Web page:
A pumping station on the eastern route of the South-to-North Water Diversion Project in Sihong, Jiangsu province on Friday. （FANG DONGXU/FOR CHINA DAILY）
China's mega water diversion project, which channels water from the Yangtze River Basin to the drought-prone north, has diverted over 62 billion cubic meters of water, according to the China South-to-North Water Diversion Corporation.
The South-to-North Water Diversion Project has benefited more than 150 million people, the corporation said in a media release on Sunday, and now supplies 75 percent of the water used in Beijing, and 99 percent of the water used in Tianjin.
The project follows three routes: eastern, middle and western. The middle route, which starts at the Danjiangkou Reservoir in Hubei province and runs across Henan and Hebei provinces before reaching Beijing and Tianjin, started operation on Dec 12, 2014.
The eastern route transfers water from Jiangsu province to areas including Tianjin and Shandong province. Its first phase, which serves Jiangsu and Shandong provinces, went into operation in November 2013.
The western route is still in the planning stage.
The corporation stressed the role of the project in supporting economic development and promoting environmental improvement.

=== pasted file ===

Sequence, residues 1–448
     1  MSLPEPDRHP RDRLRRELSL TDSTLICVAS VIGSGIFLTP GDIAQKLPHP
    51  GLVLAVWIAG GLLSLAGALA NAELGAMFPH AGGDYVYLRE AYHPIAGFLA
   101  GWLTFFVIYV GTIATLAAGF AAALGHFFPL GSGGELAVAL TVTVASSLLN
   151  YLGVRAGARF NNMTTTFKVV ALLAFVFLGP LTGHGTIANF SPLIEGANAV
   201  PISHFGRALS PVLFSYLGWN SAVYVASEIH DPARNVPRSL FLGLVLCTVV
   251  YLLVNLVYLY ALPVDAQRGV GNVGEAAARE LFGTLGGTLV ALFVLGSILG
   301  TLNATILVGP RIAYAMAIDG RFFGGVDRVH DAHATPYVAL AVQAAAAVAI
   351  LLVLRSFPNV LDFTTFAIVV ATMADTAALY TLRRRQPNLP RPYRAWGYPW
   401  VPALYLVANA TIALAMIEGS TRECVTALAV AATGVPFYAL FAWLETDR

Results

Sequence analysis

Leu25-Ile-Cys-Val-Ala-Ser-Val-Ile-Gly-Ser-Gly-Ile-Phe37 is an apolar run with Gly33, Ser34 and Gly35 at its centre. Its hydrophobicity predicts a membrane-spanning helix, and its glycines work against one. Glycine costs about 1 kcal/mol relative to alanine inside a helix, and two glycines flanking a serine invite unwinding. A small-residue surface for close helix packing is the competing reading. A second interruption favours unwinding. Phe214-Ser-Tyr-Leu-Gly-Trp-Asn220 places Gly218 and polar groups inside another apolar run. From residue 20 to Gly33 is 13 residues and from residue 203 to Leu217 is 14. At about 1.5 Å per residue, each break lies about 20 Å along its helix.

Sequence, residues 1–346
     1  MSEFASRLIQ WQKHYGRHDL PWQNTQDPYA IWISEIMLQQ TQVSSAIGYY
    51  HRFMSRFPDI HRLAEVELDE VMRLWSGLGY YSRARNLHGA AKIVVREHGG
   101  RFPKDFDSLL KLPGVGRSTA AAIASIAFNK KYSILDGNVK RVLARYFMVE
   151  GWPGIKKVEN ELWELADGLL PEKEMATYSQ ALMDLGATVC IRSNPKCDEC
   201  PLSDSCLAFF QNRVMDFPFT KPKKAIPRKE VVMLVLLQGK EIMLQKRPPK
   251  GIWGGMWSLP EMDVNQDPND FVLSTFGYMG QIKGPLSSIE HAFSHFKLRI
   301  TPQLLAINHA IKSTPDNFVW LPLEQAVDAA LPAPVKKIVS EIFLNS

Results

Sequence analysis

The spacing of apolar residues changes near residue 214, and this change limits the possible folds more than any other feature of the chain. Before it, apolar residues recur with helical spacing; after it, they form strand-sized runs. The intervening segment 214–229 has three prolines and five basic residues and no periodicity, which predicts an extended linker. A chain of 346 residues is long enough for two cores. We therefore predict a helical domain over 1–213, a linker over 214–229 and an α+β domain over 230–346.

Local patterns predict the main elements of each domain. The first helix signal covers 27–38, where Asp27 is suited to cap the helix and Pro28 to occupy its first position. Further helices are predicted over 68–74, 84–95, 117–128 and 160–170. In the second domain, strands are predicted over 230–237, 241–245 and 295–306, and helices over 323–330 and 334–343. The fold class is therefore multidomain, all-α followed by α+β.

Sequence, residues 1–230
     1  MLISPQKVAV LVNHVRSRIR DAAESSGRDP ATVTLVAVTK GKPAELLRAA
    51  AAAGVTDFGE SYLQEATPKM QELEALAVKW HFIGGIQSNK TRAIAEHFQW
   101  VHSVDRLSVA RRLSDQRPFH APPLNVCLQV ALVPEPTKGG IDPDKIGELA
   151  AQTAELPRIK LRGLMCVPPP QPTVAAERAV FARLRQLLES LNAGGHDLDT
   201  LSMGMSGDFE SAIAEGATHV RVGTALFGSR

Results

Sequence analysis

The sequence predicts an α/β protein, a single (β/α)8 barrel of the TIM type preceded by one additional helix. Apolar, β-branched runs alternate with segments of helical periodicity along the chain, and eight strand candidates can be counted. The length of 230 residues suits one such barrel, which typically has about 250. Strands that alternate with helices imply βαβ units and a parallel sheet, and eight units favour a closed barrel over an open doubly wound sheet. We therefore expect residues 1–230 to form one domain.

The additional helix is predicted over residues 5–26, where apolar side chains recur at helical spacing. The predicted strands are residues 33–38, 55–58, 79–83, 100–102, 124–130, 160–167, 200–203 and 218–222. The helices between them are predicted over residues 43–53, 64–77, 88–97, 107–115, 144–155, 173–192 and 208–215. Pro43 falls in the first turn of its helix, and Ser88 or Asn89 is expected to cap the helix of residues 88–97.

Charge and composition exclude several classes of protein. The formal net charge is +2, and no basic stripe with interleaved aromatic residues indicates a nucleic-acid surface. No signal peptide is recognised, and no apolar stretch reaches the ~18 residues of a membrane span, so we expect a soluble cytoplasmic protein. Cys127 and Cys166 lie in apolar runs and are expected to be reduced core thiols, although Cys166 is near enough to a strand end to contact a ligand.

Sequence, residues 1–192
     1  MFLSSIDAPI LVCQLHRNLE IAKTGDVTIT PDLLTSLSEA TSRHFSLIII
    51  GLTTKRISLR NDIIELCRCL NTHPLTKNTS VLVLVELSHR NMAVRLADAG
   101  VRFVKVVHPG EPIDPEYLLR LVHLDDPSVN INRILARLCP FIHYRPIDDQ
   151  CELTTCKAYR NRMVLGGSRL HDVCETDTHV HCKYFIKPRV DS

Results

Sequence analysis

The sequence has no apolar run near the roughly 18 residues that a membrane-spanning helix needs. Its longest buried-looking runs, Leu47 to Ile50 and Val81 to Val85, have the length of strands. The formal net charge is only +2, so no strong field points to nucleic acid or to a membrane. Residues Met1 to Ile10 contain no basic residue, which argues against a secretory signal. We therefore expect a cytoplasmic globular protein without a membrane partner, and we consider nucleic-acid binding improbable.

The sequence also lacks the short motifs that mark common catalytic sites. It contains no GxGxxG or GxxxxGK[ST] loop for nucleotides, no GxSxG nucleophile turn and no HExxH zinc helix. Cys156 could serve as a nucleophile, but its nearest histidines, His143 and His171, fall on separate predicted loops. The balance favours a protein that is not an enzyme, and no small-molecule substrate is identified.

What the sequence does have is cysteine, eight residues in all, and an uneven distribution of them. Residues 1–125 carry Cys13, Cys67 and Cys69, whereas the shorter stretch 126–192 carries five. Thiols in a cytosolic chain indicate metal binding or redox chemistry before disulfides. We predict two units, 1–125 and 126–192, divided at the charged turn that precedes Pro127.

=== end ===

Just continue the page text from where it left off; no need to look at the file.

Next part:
Since the middle and eastern routes were commissioned, they have helped support GDP growth of almost 10 trillion yuan ($1.4 trillion), it said. The project's enhancement of water capacity has enabled many areas along its routes to develop new towns and industrial parks.
For example, local authorities in Zhengzhou, capital of Henan, were able to persuade digital products manufacturer Foxconn to build a plant in the city in 2010, as a result of the promised sufficiency of water supplied by the middle route.
The release stated that to date, the middle route has supplied over 100 million cubic meters of water for domestic and industrial use in the Xiong'an New Area.
In total, the project has added almost 10 billion cubic meters to water bodies in North China, helping reverse the decline in groundwater levels, which started in the 1970s.
Baiyangdian Lake, the largest wetland ecosystem in northern China, dried up for five straight years between 1984 and 1989. Thanks to supplementary water provided by the middle route since 2018, however, the lake has expanded from 171 square kilometers to 275 sq km.
"The wetland that is regarded as the 'pearl of North China' has gradually resumed its former vitality," the release stated.